Located in Portsmouth, Ohio are intricate, uniform patterns made from Earth. Appropriately, this area is known as the Portsmouth Earthworks. Gregory Little, author of the book Path of Souls, explores this topic, which he has been studying since the 1980s, and offers theories about how this natural grid system got here.
The Portsmouth Earthworks are two mounds surrounded by 14 miles of natural Earth walkways. The walkways are all exactly 160-feet wide and guarded by a 3.5 foot wall. What’s in the middle of these walkways is the main event, however. At one time, two horseshoe-shaped mounds that were as high as 12-feet were the centerpieces to the walkways. Now, only one of the earthworks remains and it’s located on a hill in Portsmouth. All of the Portsmouth Earthworks are thought to have been created sometime in the 200-100 B.C. timespan.
Earthworks created around this time period are believed to have been developed through magical rituals. These “magic machines on earth”, as Little calls them, were what Native Americans used to communicate with their ancestors and could actually help the dead, too. It is believed that the process of forming these earthworks produced chemical changes in the brain. The Native Americans did not simply run outside and start playing in the dirt, though. Before generating the patterns, such as the Portsmouth Earthworks, a great deal of mental preparation was involved because these earthworks were believed to connect the physical and spiritual worlds.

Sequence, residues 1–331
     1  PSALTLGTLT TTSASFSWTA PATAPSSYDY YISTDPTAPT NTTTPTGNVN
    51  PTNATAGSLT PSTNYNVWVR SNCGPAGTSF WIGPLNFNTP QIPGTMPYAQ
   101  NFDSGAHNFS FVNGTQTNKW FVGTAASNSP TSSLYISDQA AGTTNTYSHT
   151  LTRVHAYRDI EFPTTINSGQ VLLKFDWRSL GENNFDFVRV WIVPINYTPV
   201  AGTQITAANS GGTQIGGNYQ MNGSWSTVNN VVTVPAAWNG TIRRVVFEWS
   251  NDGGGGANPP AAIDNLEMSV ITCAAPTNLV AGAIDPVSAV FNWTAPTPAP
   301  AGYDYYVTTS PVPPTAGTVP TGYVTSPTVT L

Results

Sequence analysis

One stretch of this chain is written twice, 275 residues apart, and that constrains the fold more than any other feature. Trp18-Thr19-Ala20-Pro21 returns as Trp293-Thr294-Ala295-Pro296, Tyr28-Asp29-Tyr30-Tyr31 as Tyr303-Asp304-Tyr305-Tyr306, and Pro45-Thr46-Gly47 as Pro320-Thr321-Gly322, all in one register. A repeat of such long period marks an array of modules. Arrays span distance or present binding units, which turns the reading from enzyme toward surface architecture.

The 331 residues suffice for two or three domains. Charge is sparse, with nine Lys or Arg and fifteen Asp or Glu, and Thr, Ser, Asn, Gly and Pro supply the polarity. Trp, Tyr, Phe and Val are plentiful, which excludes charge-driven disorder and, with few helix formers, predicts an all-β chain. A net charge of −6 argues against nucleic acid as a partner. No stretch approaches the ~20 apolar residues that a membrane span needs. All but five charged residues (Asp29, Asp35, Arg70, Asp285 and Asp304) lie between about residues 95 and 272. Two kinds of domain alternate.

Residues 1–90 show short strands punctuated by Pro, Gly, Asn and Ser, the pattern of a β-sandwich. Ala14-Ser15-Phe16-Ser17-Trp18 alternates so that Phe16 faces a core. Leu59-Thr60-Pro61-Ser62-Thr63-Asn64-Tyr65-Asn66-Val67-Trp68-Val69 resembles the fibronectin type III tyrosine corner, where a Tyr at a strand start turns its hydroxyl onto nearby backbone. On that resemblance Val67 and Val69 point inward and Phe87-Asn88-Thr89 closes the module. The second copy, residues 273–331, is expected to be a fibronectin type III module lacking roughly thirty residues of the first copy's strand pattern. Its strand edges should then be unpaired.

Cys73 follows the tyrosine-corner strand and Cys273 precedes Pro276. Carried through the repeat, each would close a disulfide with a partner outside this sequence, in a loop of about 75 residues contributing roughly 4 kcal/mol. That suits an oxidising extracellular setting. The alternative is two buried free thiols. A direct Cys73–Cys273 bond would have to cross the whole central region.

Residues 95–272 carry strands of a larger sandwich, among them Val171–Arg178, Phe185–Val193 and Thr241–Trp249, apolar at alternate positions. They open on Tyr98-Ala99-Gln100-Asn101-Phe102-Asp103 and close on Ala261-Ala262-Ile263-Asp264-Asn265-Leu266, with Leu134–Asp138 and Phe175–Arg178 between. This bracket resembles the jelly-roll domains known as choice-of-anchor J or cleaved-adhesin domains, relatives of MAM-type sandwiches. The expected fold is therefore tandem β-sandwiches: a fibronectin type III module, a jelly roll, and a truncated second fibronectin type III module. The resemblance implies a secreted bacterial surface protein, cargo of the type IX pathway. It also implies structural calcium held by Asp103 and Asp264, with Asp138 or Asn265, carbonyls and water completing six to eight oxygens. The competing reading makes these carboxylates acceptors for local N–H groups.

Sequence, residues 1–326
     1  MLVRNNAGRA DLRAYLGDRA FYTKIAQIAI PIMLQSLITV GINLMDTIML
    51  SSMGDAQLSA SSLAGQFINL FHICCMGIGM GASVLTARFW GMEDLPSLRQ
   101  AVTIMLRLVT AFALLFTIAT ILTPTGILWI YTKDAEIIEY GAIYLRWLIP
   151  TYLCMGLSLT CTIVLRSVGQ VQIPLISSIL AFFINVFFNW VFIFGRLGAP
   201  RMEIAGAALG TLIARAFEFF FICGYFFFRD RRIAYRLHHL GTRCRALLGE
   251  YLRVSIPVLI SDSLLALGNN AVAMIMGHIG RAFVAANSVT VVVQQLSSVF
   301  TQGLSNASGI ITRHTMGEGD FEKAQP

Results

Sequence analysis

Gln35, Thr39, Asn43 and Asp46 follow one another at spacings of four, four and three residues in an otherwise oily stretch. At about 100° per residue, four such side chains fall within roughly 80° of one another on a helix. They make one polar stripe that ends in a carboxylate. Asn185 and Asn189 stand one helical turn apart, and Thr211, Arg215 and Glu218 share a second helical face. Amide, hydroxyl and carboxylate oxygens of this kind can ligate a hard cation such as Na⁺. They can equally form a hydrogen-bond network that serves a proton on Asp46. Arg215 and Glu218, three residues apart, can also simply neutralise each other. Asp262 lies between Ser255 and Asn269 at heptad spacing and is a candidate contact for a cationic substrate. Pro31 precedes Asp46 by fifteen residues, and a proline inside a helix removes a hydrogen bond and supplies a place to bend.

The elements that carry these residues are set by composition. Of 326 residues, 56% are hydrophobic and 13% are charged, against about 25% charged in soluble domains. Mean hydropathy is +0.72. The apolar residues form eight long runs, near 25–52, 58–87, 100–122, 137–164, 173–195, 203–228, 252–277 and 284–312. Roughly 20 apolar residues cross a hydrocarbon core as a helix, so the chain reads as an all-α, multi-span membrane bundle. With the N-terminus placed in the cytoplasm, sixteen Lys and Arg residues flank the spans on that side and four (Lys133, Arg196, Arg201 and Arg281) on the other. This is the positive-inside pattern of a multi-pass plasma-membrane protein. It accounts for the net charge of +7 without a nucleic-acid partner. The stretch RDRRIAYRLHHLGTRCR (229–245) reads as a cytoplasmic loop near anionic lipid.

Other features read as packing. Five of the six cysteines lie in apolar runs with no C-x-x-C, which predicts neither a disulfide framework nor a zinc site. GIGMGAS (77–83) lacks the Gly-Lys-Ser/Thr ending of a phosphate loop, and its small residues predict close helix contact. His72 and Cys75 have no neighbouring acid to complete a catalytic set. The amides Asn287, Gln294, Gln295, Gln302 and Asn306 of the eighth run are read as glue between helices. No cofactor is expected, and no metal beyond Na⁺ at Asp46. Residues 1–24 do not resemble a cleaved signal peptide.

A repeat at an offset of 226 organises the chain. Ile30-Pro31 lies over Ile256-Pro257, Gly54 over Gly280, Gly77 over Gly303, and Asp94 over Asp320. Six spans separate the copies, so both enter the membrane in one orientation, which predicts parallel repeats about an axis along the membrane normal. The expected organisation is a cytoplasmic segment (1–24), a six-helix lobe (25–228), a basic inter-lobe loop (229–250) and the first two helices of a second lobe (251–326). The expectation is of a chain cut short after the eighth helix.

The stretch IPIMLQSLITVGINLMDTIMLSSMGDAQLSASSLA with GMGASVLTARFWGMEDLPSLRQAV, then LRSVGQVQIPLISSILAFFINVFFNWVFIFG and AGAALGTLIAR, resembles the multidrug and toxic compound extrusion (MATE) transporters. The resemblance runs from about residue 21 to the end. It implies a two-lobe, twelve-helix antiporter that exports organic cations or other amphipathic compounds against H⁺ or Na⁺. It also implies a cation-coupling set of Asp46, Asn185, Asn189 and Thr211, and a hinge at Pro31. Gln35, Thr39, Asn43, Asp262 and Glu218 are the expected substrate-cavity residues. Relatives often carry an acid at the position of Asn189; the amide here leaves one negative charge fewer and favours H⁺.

In the Path of Souls, Little explores the Native American death journey. The purpose of the journey is to send deceased souls back to the sky world, where the most vital part of everyone’s soul is believed to have originated. No need for Google Maps for this trip, though. The path is the same for everyone, each person may enter through different portals, however. The journey begins by entering a portal in the sky. After traveling across the sky, the traveler would eventually discover another portal. It’s after passing through this last portal that the final destination is reached; an area where the souls of the previously deceased reside.
The earthworks rituals took place in the winter time. It is believed that the Native Americans creating these patterns may have been inspired by the Milky Way. When researchers took a closer look at the Portsmouth Earthworks and the stars, they found that when looking at the Milky Way on the winter solstice, the constellation seemed to extend almost perfectly across the entire earthworks. In addition, the constellation Scorpius was not supposed to be visible during the time when these rituals took place. Again, when near the earthworks on the Winter Solstice, that constellation was not visible. It seems that the connection between the Native Americans constructing these earthworks and the spiritual world was real.